Should students, particularly those in University housing, anticipate a similar Maroon and Gold Sunrise plan for the spring semester that involves back home time restrictions and possibly a delay to in-person instruction?

I think we will have a Maroon and Gold Sunrise Plan 2.0, but I think one of the things that we will be able to do better, is we probably won’t be as caught by surprise, like we were at the beginning of the fall semester, by virtue of what happened on other campuses that opened before we did. … So we don’t expect delays, we may do stairsteps into more open activities. A lot of that will depend on what happens between now and the beginning of next calendar year around testing, mitigating treatments, and maybe even some opportunity for vaccination for vulnerable populations and also the numbers in the community around us.

When can students expect to learn more about tuition rates for the next academic year? As tuition was held flat in almost all academic programs this year, should students anticipate a larger increase in tuition costs to account for the financial impact of the COVID-19 pandemic?

Before the pandemic, we had an internal unwritten goal of staying below the inflationary index that we follow — that is still our goal. If there is any increase, it would still be very low. So it’s not like we’re rebounding, we don’t expect like a reverb from the fact that we kept things flat. But the formal recommendation on tuition is part of a very large total budgetary process that we go through that includes all of our work that we do with the state around the state support to the institution. All of that comes together through the spring and ultimately results in a request to the board over the summer; the board sets tuition. But the administration’s recommendation to the board is usually pretty well known by about a month beforehand. So late spring, early summer, you’ll start to hear what the administration is recommending.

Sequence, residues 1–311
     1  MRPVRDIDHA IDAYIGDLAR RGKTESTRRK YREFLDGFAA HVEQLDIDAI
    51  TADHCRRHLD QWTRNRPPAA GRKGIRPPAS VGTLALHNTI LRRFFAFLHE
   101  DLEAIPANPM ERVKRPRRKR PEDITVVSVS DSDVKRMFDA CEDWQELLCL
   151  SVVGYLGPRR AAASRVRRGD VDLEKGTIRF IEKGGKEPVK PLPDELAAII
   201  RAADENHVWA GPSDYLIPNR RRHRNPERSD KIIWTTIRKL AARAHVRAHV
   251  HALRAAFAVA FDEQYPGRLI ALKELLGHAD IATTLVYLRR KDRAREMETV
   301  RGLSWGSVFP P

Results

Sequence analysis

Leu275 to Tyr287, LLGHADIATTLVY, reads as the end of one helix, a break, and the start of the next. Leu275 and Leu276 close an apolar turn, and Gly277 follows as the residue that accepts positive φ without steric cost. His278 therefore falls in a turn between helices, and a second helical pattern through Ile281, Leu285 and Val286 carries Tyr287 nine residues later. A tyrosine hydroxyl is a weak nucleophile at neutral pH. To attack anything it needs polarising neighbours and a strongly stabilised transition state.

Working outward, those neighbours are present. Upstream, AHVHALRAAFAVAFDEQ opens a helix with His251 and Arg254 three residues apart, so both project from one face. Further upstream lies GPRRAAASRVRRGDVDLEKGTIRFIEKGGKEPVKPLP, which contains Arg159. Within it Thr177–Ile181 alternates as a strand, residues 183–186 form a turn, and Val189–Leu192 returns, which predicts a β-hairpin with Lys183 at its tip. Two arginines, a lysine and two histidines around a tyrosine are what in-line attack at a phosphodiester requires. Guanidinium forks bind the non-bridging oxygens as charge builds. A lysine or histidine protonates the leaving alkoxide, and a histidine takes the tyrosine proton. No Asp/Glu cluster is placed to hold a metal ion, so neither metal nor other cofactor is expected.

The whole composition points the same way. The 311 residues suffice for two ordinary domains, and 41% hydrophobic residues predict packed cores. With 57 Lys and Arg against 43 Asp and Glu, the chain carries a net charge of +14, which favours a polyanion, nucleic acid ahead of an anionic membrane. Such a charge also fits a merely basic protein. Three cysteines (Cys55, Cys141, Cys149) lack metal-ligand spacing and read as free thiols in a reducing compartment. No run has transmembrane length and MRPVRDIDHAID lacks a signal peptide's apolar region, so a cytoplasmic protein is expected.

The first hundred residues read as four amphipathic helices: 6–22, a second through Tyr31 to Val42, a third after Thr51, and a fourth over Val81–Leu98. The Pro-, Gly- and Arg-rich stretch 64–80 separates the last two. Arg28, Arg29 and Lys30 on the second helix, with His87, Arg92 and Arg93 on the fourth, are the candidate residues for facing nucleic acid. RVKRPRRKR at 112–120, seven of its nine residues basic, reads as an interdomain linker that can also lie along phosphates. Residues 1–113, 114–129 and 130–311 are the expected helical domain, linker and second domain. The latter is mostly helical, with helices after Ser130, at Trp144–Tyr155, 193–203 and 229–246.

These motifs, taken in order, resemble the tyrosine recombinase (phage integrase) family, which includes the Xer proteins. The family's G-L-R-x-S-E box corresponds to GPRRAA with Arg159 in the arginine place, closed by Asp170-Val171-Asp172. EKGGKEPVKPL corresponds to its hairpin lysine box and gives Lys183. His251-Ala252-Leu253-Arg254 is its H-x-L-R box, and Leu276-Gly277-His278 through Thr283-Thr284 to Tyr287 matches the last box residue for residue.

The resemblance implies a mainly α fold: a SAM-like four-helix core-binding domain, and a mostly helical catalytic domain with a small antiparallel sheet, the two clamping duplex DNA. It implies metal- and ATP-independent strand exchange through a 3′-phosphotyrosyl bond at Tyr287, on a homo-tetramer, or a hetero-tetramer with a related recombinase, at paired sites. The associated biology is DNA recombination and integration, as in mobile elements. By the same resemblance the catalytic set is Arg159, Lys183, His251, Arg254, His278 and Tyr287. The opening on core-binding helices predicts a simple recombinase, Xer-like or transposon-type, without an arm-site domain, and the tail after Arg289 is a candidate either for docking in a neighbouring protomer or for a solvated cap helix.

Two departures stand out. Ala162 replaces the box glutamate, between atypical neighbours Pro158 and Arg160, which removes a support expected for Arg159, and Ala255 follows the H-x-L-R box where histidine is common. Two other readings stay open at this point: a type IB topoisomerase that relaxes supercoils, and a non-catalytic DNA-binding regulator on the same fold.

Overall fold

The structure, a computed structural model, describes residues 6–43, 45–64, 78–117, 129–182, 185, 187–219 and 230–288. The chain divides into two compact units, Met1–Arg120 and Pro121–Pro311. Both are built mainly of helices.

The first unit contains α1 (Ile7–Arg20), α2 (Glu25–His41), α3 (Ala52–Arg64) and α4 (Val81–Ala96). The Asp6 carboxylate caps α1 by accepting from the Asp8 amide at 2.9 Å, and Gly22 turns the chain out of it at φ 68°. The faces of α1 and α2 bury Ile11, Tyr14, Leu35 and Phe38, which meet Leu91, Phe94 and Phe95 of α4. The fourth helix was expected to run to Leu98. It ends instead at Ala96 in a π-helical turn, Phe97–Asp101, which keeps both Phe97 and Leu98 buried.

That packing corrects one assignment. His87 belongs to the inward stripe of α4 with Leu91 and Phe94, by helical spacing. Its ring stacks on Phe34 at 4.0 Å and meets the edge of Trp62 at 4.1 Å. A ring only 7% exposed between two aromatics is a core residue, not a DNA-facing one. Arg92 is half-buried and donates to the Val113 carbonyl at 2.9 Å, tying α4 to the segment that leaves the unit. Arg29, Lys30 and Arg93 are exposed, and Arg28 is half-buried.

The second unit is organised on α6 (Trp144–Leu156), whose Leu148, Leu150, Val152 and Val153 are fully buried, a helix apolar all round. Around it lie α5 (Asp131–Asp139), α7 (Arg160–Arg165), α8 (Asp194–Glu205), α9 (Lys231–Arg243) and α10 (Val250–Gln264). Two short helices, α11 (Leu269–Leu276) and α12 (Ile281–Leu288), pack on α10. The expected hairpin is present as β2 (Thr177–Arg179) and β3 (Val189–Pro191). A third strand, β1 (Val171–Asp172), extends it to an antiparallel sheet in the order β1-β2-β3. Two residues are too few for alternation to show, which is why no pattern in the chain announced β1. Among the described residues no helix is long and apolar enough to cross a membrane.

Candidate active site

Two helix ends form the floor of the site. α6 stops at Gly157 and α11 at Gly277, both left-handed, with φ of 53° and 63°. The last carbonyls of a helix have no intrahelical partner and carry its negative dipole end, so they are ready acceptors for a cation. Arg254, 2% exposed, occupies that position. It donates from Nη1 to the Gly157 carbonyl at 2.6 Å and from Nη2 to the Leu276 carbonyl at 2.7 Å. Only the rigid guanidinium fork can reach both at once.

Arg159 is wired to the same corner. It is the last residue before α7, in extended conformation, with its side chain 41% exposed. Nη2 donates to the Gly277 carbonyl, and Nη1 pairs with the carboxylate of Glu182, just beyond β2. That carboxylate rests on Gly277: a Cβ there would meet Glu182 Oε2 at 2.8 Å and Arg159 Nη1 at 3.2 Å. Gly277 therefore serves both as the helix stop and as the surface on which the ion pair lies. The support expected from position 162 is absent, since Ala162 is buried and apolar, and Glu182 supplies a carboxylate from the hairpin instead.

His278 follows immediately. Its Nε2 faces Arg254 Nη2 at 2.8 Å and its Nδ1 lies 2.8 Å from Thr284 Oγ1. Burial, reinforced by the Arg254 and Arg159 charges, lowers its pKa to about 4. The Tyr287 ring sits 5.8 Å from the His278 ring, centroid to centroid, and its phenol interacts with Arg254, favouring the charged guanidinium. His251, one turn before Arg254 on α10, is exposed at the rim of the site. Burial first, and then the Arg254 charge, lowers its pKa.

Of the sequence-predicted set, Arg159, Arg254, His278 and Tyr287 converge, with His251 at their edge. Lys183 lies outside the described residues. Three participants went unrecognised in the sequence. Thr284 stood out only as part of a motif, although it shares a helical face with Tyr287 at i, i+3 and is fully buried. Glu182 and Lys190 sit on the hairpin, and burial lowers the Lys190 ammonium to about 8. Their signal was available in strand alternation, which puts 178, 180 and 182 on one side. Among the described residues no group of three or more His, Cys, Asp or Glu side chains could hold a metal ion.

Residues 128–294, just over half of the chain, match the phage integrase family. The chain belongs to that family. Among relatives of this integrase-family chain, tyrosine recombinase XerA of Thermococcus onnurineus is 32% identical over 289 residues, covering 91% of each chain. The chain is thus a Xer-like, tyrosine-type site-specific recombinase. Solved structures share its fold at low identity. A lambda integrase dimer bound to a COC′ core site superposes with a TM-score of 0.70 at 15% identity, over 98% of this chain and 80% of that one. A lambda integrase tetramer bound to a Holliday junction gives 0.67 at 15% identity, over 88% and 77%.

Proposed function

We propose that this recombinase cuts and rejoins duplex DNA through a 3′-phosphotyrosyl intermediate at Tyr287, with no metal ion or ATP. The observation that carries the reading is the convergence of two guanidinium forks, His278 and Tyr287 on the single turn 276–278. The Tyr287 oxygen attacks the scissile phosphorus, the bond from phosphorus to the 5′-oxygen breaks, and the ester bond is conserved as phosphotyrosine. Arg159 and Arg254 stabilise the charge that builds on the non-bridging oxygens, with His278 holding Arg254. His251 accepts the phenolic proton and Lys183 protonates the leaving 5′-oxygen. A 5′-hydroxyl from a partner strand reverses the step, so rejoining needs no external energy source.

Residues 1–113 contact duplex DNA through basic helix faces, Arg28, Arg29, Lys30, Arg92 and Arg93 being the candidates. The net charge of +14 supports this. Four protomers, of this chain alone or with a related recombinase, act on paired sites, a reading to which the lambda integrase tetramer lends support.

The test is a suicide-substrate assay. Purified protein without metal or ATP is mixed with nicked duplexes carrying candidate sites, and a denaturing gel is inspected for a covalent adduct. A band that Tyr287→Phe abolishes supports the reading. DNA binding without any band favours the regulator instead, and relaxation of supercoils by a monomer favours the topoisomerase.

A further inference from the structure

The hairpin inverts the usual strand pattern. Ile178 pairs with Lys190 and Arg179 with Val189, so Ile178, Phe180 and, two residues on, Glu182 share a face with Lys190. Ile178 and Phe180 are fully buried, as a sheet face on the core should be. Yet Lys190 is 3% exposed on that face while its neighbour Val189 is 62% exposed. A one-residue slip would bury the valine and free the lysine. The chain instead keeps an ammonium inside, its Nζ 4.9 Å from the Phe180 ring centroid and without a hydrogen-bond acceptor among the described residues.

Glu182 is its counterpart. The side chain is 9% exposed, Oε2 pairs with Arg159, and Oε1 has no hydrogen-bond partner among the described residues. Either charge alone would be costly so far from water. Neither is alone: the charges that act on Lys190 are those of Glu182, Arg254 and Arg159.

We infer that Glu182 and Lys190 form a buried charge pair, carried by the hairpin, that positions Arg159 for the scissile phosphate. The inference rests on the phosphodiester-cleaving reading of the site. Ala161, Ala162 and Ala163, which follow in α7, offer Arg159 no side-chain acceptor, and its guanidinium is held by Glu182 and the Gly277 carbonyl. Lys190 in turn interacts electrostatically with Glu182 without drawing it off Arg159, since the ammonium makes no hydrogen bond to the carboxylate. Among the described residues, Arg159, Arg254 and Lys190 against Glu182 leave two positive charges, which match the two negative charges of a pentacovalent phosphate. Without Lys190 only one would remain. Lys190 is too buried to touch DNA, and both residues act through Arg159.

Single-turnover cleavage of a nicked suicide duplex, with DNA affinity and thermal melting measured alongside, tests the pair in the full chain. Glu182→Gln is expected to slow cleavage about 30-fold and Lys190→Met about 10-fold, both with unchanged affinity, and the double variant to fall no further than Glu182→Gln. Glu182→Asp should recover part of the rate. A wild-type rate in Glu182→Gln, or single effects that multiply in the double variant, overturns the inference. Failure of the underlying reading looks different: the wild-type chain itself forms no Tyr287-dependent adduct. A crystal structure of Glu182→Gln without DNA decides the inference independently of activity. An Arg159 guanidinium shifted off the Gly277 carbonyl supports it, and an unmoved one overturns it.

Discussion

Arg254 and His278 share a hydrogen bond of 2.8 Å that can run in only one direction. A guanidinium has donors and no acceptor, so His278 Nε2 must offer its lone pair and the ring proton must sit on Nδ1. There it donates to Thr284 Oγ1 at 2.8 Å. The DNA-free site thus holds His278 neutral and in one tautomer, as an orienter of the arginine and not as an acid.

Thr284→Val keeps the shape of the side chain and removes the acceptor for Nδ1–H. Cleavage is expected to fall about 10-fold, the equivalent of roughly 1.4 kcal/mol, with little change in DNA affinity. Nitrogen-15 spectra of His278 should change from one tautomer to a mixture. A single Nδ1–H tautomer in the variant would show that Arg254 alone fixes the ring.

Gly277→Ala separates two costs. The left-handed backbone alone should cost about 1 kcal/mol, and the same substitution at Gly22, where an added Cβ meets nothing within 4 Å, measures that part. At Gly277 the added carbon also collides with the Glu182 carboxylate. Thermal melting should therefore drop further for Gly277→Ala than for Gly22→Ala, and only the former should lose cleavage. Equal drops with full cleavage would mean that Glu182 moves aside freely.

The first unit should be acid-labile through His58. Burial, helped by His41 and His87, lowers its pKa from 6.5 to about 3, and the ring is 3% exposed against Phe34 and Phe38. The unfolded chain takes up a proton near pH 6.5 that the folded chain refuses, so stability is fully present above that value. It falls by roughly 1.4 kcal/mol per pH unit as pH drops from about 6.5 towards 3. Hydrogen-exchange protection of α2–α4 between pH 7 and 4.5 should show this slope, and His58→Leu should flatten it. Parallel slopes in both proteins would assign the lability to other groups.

Zoom, the video conferencing platform that is widely used by the University, has recently come under fire from the Federal Trade Commission for allegedly lying to its users about security measures and the levels of encryption within the platform. The University’s contract with Zoom extends until 2024, but is there any plan to move away from the platform as a result of these privacy issues?

Not yet. We’ve been working very closely with our own IT department on security and we feel like we have appropriate levels of security managed internally. But if the circumstances change, where if we didn’t feel like the platform was safe and offered the appropriate protections, then we would reconsider. But, right now we’re still okay.

[To change platforms] would depend on what additional concerns came up and when they came up. It’s a very large contract, so a change to it would probably require a public discussion in front of the board. So, it wouldn’t catch anybody by surprise, it would go through the whole shared governance process.

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  • CapnRusty
    Nov 23, 2020 at 1:03 pm

    It is unfortunate that the University president is unfamiliar with the provisions of the United States Constitution. Joe Biden is a citizen. He could become President if the Electoral College determines that he won the election. That has not happened yet. Perhaps some faculty members could give her a quick briefing on how the electoral process works in our nation.